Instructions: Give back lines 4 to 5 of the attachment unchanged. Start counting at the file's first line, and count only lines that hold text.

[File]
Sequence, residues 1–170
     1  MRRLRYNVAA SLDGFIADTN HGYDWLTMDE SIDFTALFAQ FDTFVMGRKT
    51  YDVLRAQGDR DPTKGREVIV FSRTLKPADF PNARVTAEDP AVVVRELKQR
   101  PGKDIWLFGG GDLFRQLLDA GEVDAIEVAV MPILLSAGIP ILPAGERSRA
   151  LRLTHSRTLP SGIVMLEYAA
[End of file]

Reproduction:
   101  PGKDIWLFGG GDLFRQLLDA GEVDAIEVAV MPILLSAGIP ILPAGERSRA
   151  LRLTHSRTLP SGIVMLEYAA